And now for spotlight #2.
Award-winning novelist Trish Perry is the author of the chick lit books, The Guy I’m Not Dating (Harvest House 2006) and Too Good to Be True (Harvest House 2007). She is the editor of Ink and the Spirit, the quarterly newsletter of the Capital Christian Writers organization in the Washington metropolitan area. Before her novels, Perry published numerous short stories in Pockets children’s magazine. Her personal essays have been published in the Christmas book, All is Calm, All is Bright (Baker/Revell); the pregnancy/childbirth book, The Wish, the Wait, the Wonder (Harper Collins); The Washington Post On-line; and the magazines, The Washington Post Magazine, Whispers from Heaven, and The Sun. She has written devotionals for Keys for Kids and The One Year Book of Devotions for Girls 2 (Tyndale). Her poetry has been published in The War Cry magazine.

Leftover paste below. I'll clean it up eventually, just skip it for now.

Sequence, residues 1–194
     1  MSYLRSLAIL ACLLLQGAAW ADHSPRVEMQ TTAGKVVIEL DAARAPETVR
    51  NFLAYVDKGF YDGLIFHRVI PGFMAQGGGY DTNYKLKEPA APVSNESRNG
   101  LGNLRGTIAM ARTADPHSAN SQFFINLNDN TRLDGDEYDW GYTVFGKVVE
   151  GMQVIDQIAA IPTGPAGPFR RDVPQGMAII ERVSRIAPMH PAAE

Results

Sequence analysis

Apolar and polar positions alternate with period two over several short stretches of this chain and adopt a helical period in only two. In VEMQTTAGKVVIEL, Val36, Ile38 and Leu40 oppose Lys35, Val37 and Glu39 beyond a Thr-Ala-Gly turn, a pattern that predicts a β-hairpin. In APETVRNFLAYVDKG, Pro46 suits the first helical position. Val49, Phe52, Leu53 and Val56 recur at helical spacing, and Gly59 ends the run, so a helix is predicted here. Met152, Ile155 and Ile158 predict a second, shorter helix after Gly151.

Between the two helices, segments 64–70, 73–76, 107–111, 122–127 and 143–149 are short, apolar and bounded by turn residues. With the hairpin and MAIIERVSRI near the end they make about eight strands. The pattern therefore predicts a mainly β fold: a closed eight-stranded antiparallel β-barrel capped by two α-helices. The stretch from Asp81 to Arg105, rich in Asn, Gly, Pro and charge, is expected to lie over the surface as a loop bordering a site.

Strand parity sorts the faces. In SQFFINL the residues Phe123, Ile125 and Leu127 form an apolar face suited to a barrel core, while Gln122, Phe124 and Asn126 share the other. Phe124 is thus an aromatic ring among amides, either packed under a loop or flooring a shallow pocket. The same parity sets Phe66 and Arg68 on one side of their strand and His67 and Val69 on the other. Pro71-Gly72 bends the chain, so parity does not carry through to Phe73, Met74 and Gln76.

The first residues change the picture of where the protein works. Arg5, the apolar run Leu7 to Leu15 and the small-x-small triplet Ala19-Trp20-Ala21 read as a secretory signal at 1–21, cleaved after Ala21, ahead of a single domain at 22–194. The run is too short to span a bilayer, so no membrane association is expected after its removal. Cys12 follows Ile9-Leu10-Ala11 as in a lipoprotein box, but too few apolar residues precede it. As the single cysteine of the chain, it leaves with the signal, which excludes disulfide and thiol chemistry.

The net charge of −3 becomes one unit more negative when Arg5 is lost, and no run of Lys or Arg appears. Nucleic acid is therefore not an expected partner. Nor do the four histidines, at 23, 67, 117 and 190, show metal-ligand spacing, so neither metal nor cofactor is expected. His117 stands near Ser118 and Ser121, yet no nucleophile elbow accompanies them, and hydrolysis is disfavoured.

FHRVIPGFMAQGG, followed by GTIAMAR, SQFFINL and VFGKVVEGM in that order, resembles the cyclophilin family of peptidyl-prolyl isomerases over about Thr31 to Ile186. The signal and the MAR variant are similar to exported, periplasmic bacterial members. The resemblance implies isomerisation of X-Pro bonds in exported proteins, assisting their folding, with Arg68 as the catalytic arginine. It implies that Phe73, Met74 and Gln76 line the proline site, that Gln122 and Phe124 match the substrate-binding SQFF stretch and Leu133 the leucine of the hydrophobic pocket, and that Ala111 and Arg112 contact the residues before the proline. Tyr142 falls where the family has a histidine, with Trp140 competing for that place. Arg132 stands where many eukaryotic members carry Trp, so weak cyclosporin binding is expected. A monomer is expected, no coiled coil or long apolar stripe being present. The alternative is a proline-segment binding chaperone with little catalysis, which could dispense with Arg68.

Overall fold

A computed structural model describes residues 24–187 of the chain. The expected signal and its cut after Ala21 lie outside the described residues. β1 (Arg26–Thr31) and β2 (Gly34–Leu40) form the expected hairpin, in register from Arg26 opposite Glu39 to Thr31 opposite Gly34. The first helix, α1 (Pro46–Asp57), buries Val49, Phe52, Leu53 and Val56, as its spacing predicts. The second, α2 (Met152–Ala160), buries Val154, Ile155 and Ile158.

A summa cum laude graduate of George Mason University in Virginia, Perry holds a B.A. in Psychology. While studying at Mason, she served as President of Psi Chi, the honor society for Psychology majors. She was a stockbroker in the 1980s, and held positions at the Securities and Exchange Commission and in several Washington, D.C. law firms. She serves on the Board of Directors of the Capital Christian Writers organization, and she is a member of the American Christian Fiction Writers group. Perry has served as Literary Judge in the Reflections Creative Writing competition for Loudoun County public schools.
Get your copy of Too Good to Be True today!
Rennie Young is finding out that love and life often unfold in surprising ways.
Fairy-tale princesses usually awaken to the kiss of their handsome prince...not to his holding their wrists and counting their heartbeats. But that's exactly how Rennie meets Truman Sayers, an attractive man who comes to her assistance after she faints in the boys' department at Wal-Mart.
He releases her wrist and looks into her eyes. "Your pulse is racing."
Tru Sayers, a compassionate labor-and-delivery nurse, seems like a gift from God. But remembrances of love gone bad and a still-mending heart cause Ren to question whether she can trust this path and God.
This clever, romantic, and thoughtful novel demonstrates that, with God's guidance, a happy life is definitely possible after heartbreak—even when it seems too good to be true.